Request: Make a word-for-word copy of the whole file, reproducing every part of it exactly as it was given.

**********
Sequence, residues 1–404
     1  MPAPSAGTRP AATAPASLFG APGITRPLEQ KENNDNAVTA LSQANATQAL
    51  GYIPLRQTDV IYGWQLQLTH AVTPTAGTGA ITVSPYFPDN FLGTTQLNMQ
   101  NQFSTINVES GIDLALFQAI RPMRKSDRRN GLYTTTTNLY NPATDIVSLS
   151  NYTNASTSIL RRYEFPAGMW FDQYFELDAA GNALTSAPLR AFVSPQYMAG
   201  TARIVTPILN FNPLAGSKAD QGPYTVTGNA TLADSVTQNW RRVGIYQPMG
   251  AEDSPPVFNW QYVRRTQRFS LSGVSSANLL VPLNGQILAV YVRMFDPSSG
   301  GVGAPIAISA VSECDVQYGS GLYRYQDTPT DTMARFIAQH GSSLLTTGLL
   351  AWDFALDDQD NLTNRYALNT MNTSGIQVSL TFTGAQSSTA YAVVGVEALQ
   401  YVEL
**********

Sequence, residues 1–404
     1  MPAPSAGTRP AATAPASLFG APGITRPLEQ KENNDNAVTA LSQANATQAL
    51  GYIPLRQTDV IYGWQLQLTH AVTPTAGTGA ITVSPYFPDN FLGTTQLNMQ
   101  NQFSTINVES GIDLALFQAI RPMRKSDRRN GLYTTTTNLY NPATDIVSLS
   151  NYTNASTSIL RRYEFPAGMW FDQYFELDAA GNALTSAPLR AFVSPQYMAG
   201  TARIVTPILN FNPLAGSKAD QGPYTVTGNA TLADSVTQNW RRVGIYQPMG
   251  AEDSPPVFNW QYVRRTQRFS LSGVSSANLL VPLNGQILAV YVRMFDPSSG
   301  GVGAPIAISA VSECDVQYGS GLYRYQDTPT DTMARFIAQH GSSLLTTGLL
   351  AWDFALDDQD NLTNRYALNT MNTSGIQVSL TFTGAQSSTA YAVVGVEALQ
   401  YVEL